Gill discusses her continuing work to transform clinical trials and improve the patient experience through DCTs.
Harpreet Gill, head of decentralized clinical trials (DCTs) at Icon, is working to make DCTs more easily implemented and more commonly used throughout the industry. She recently spoke with Applied Clinical Trials' sister publication, Pharmaceutical Executive, about her work.
Pharmaceutical Executive: Can you explain the importance of decentralized trials?
Harpreet Gill: As the time has gone on over the last few years (and we know the pandemic accelerated this) there's been a greater need to think about the different ways to engage patients in clinical trials. There's an element of efficiency there in terms of how data is collected. One of the things that we are seeing is that there are more clinical trials, but there aren't as many patients there are interested in being involved because it can be difficult to be involved. We do need more patients, but we also need greater diversity as well. All of those factors are now really driving the importance of decentralized clinical trials in the in the clinical trial setting, but also if you take a look at healthcare generally we are relying more and more on digital tools. Folks are more interested in taking care of their own health and managing their own and I think we need to take a look at how we can use and manifest and surface that in a clinical trial setting as well.
PE: What struggles have you faced trying to implement DCTs?
Gill: There are a number of hurdles that we face when trying to implement decentralized clinical trials. Firstly, it's a making sure there's good understanding of what we mean by decentralized clinical trial. There are a lot of definitions out there. Some people think it's telehealth, some people would say it's consent, and others think it's about carrying out one or more of the assessments that would normally happen at an investigator site away from the site. So, making sure that people understand what we're trying to do in that in that context can be a little bit of a challenge. There is definitely some education that needs to be done for sites, patients, and sponsors while also helping the regulators understand what we're doing and how we're trying to implement DCT. That's a work in progress.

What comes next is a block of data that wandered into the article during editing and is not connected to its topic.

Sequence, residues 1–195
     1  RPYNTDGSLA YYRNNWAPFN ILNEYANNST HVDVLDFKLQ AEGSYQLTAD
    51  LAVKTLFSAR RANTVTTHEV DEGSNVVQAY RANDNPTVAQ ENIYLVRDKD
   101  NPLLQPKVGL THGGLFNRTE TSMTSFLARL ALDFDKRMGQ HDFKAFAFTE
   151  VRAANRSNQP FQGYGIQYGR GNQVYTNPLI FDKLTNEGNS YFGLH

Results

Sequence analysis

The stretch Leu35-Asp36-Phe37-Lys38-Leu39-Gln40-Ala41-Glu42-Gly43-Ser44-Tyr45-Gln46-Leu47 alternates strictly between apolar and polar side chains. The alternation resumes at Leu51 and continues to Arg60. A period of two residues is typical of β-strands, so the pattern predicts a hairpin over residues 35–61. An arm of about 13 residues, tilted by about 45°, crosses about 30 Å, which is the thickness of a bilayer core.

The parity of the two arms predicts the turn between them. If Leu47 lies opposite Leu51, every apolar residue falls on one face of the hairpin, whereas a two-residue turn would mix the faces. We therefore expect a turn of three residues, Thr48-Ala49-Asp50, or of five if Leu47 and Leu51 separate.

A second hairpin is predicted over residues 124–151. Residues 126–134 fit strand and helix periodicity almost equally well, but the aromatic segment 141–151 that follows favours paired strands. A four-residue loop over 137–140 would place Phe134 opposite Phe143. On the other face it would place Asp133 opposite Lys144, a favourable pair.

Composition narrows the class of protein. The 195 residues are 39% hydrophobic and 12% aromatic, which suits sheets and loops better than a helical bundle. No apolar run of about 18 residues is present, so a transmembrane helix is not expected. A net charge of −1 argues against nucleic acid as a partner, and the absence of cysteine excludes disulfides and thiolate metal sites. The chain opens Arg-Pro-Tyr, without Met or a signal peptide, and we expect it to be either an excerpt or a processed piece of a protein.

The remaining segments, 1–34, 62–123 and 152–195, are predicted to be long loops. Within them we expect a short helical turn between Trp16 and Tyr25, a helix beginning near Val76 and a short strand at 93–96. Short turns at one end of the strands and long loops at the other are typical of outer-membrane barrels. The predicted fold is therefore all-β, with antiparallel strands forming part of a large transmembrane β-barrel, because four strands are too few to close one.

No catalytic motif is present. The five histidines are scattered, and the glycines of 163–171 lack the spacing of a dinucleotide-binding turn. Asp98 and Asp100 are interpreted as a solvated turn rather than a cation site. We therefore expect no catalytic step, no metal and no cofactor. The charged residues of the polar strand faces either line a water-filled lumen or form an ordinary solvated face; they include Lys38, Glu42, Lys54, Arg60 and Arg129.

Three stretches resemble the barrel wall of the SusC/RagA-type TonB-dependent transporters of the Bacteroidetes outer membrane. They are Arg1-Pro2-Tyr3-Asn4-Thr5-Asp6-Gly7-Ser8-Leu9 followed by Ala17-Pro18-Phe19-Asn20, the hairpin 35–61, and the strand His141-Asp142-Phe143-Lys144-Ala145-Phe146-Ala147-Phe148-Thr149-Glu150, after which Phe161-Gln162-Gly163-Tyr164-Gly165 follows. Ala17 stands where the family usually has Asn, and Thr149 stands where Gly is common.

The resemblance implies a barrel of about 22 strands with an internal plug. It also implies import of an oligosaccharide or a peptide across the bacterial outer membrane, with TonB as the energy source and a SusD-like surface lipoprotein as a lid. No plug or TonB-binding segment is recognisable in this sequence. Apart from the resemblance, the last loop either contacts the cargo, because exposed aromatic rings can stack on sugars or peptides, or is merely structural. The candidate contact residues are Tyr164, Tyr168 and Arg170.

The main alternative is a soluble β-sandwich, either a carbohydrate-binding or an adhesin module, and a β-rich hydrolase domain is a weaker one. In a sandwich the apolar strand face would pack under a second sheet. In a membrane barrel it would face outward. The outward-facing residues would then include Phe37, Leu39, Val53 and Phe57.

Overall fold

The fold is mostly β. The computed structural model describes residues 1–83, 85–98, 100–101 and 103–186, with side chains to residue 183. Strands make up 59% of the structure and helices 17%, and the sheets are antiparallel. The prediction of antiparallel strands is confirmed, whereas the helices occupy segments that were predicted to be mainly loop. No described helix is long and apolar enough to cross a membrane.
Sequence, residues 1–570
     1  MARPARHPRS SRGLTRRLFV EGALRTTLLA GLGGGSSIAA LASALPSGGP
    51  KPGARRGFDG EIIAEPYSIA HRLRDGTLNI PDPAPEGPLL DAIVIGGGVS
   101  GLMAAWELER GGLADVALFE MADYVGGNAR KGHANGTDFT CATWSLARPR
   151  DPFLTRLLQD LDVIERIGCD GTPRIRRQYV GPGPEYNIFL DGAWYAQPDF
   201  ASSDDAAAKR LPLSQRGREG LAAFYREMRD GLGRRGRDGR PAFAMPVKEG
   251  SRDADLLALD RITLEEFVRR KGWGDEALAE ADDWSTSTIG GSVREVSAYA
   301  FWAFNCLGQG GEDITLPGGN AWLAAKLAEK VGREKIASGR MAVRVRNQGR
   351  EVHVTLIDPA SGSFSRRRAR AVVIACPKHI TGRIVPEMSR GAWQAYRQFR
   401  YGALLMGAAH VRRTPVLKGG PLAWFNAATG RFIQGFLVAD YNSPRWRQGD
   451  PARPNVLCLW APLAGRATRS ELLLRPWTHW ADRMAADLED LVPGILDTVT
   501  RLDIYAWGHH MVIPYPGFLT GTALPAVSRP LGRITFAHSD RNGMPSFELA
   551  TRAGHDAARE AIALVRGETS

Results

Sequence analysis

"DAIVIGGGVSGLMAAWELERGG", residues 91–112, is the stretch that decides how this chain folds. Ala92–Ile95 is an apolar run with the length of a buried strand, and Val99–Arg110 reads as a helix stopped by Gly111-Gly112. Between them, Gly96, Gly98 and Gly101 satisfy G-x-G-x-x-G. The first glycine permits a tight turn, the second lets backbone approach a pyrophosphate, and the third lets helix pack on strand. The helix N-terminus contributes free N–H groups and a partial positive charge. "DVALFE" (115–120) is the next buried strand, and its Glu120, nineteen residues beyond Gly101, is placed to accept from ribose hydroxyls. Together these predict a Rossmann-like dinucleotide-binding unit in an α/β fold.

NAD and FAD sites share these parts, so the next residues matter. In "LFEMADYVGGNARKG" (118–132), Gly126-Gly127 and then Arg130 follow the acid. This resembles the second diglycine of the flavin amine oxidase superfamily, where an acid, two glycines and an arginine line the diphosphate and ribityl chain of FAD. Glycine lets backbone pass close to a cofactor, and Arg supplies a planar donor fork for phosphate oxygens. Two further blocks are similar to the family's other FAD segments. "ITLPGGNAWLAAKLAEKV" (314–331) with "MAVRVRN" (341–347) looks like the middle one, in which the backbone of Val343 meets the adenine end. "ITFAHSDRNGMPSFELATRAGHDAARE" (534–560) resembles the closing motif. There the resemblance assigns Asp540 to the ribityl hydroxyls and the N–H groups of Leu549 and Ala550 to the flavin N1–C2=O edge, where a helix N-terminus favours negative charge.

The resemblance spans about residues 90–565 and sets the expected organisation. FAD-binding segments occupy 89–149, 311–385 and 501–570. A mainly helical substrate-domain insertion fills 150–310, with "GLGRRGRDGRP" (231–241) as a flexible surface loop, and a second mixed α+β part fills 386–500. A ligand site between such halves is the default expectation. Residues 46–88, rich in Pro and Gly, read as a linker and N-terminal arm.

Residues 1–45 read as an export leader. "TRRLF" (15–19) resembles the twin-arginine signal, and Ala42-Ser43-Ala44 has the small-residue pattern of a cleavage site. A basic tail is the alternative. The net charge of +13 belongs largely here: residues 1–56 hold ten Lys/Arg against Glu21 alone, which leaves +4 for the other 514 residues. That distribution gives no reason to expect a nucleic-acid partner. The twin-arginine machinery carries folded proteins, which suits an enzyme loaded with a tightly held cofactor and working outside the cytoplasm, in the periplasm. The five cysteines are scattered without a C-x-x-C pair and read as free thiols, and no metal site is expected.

Also from a technology perspective, some of the technologies that we wanted to use are novel, so ensuring that so that they'll work very well and that they're operationalized end to end, you need expertise and there's not been a huge amount of expertise in the past. That is changing, but it's a work in progress. It's not something that you can answer immediately when you're using a completely different technology. It's important to think about investing in pilots and engaging earlier with doctors, people, and sponsors that are willing to give things a go early on before you've got everything proofed out.
Then there's the sites and their view on decentralized clinical trials. Our experience is that they are interested but concerned about how this will work just in terms of the day-to-day management of the clinical trial. What does that mean in terms of their responsibilities and accountabilities? It's a business for many sites, so how does this affect their business model? There are some of the things that we're trying to address.
PE: How important is it to have good communication among these sites and how do you build that communication?
There are a number of ways. We need to ensure that the sponsors are fully engaged, and at the outset work with the sites, remind them that this is going to be a DCT or a hybrid study and that they'll be novel technologies used. This also involves gauging their expectation, enrolling them into the process, and get an understanding of their concerns. It also includes making sure that when we look at the site contract, we ensure that they are going to be properly reimbursed for what they need to do as far as the trial is concerned. We're able to offer direct support for the sites as they go through the clinical trial, both in terms of providing training for them and a concierge support team who can engage with the site and ensure that the site understand that if they've got questions around the technology and how things are progressing, they've got someone to reach out to, almost an extension of the of the study coordinator. There are some of the ways that we can engage.